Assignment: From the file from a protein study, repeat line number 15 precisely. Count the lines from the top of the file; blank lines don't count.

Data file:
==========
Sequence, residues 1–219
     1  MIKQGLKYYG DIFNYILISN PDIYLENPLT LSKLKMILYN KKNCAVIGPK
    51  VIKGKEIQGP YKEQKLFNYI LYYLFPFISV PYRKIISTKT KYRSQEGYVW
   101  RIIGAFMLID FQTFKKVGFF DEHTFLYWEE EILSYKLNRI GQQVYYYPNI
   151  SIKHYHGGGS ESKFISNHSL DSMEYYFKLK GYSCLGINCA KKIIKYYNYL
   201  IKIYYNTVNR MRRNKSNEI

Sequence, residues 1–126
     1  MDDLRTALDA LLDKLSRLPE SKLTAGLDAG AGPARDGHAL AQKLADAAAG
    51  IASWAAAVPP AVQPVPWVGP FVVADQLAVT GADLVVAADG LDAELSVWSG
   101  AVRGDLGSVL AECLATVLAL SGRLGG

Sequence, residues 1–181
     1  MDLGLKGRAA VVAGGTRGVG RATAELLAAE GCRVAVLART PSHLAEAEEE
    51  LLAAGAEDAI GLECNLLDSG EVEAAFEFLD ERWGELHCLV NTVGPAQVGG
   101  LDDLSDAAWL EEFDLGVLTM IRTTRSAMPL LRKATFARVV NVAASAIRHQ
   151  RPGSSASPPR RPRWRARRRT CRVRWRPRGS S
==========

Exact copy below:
   151  RPGSSASPPR RPRWRARRRT CRVRWRPRGS S